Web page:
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4answers
2k views

What do you call someone who knows multiple programming languages?

Someone who knows multiple languages is called polyglot or multilingual (There can be nuances between two words also.). I'm not sure if we can apply these terms to someone who knows multiple ...
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3answers
693 views

What does the verb “nig” mean?

I have seen a photo on the Internet of a customer filling a large empty jug from a soda fountain at a fast food restaurant. It had caption that someone is "gonna nig". What does "nig" mean? Among ...
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2answers
2k views

Why do Aussies use “cactus” to mean “dead,” “useless,” or “broken”?

This bloody washing machine is cactus! Glossaries / dictionaries of Australian slang (like this one, and this one) list cactus as meaning "dead, useless, or broken." How did this usage come ...
2
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3answers
171 views

What’s the verb for discontinuing a call on a mobile phone?

What is the correct term for stopping a conversation on a mobile phone? In the old days we used to put the phone down when we were done talking. Do we now put the mobile down instead of putting the ...
3
votes
2answers
200 views

Does “selfie” refer to the picture's taker, the picture's poster, or both

I'm a middle-aged person who is not up on the latest trends and am not a social media user. But a few days ago on CNN, the anchors were going on about the latest celebrity "selfie" that had "gone ...
2
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1answer
87 views

Is “Christmas for Bogans” a metaphor?

If someone describes Australia day as "Christmas for Bogans", would that be a metaphor? What stereotype is implied in this statement? The term bogan (/ˈboʊɡən/) is Australian and New Zealander ...
1
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1answer
296 views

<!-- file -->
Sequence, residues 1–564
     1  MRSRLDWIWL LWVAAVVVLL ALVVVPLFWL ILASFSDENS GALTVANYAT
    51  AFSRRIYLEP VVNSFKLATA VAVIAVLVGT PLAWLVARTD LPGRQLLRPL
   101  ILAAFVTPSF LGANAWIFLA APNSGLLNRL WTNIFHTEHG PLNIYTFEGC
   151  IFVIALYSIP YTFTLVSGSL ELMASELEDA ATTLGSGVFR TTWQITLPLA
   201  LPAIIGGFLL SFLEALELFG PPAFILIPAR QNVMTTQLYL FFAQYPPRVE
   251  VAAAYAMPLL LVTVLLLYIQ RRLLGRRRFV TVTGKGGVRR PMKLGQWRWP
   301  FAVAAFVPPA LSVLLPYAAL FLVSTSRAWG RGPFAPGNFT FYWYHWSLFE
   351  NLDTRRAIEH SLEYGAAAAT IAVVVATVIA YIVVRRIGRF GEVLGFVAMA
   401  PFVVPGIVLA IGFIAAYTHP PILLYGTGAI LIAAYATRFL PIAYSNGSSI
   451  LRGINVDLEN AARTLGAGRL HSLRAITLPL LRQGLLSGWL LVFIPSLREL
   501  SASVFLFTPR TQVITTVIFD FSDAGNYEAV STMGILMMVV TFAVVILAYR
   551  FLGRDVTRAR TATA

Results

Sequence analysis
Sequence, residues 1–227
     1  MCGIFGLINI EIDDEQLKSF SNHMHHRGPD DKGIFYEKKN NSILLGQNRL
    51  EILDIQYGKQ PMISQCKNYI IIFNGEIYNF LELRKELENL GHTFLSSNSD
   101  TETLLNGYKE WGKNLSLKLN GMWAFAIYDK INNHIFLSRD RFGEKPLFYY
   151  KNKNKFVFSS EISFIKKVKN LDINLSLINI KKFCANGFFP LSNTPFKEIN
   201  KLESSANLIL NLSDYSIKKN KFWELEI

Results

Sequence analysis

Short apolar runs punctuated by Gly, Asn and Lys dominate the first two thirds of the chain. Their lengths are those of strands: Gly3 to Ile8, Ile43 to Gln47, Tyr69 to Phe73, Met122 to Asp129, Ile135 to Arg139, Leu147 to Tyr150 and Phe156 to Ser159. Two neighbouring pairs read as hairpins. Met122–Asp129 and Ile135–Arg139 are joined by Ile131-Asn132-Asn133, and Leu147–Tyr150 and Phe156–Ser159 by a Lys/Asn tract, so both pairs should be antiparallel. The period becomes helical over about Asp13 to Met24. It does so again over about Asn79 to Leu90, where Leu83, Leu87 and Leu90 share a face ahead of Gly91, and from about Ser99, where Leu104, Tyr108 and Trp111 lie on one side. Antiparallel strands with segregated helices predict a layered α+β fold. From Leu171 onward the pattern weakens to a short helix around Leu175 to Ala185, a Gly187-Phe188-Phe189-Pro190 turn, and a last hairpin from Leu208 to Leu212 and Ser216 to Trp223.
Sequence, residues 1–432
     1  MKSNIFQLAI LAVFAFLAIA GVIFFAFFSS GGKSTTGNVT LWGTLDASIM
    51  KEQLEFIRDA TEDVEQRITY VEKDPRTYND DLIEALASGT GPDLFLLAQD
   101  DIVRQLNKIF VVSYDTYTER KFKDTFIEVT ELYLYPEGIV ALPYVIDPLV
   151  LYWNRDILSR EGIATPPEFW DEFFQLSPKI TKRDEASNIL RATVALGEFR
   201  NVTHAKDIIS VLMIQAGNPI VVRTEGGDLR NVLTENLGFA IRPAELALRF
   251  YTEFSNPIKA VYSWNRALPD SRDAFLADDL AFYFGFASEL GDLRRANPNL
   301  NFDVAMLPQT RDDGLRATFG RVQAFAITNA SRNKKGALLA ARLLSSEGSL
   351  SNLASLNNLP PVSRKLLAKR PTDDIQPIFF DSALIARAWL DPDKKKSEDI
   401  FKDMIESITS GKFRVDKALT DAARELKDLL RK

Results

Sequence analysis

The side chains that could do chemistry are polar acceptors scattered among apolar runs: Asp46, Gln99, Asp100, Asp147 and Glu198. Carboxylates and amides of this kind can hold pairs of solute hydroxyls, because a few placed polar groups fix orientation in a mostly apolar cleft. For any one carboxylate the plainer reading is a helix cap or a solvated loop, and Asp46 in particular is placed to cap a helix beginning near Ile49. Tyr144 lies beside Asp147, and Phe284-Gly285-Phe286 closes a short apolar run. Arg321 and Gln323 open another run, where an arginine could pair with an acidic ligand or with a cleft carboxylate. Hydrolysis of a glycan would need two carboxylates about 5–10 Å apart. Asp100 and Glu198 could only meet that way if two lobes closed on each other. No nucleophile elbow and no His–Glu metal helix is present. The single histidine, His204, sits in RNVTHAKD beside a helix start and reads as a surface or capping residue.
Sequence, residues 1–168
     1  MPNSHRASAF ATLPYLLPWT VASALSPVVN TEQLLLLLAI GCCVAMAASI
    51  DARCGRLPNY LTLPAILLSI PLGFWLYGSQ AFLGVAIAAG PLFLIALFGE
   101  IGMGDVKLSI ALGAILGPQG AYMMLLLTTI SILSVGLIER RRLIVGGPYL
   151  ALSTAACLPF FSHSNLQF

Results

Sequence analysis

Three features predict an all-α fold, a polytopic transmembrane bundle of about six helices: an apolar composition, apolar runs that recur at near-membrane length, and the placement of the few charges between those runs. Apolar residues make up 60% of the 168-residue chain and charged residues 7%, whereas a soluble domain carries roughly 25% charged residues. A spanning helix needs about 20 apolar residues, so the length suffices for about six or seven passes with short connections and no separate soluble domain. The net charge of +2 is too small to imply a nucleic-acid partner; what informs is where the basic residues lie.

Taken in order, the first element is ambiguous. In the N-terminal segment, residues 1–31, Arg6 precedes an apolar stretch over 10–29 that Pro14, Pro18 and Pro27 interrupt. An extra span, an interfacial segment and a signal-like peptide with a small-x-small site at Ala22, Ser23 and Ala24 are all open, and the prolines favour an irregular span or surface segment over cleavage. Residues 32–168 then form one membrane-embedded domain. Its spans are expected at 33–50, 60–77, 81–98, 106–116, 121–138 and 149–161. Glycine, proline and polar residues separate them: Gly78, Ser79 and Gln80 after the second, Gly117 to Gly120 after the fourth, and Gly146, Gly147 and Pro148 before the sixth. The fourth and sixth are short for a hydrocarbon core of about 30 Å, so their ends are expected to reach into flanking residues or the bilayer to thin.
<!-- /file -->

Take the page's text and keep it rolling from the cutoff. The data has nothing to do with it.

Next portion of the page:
Would the slang version, yessir, of yes, sir, be deemed as derogatory, offensive, or simply disrespectful to someone your senior?

I use yessir as a slang form of yes, sir all the time. Is it even a word? Would the slang version, yessir, be deemed as derogatory, offensive, or simply disrespectful to someone your senior?
1
vote
1answer
354 views

Is there a slang word or phrase for a middle-aged woman who serially dates much younger men? [closed]

Such practice is observed more often in the artistic world and among socialites. Is there a slang word or frase for these ladies?
1
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1answer
753 views

What are the origins of using the abbreviation “v.” for “very”?

Looking to figure out where the abbreviation "v." originates from. I know "v." was heavily used in "Bridget Jones Diary," but that movie came out over a decade ago and was British. What are the ...
104
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7answers
10k views

What’s a “handegg”?

What’s a handegg? NOTE: This question is primarily related to the etymology of a compound noun which is not in The Dictionary. There is a hat this year called “Handegg”, given out for a posting that ...
4
votes
3answers
354 views

What do you call something that everyone says will happen but never does?

Is there a term for something that lots of people say is going to happen, but it never happens (at least in the immediate future)? For example, say everyone says "the tech bubble's going to burst" - ...
2
votes
1answer
66 views

Do lexicographers have a formal term for Insta-cant

With twitter and social media, it is possible for new cant to appear suddenly and spread widely in weeks or days, often via internet-memes, only to fall out of use just as quickly. Do lexicographers ...
9
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4answers
132k views

What does “fleek” mean and when was it first used?

The word fleek is all over Twitter. The @lovihatibot Twitterbot routinely finds it in searches for "I love the word [X]" and "I hate the word [X]", in fact it's the third most hated word over the ...
7
votes
7answers
705 views

Word or idiom to describe someone who always tries to inflate his skills/properties/experiences when talking with others? [duplicate]

Is there a word or idiom to describe someone who is always trying to create a good impression when talking about himself? Someone who is always trying to show that he is better than others even if he ...
5
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2answers
398 views

19th century American English “slang”?

As I was doing a bit of research online I stumbled on this Children's Corner page 311 from the American Farmers' Magazine 1858. And, frankly, there are a lot of words that look totally foreign to me. ...
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2answers
2k views

What does “Jungle Fever” mean?

I have just watched the "Jungle Fever 1991" (http://en.wikipedia.org/wiki/Jungle_Fever) film which tell a story a white woman dates a black man. So, Does "Jungle Fever" mean a white woman dates a ...
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5answers
349 views

I'm looking for a slang word or idiom for someone who insists on intruding his presence on two others who would rather be alone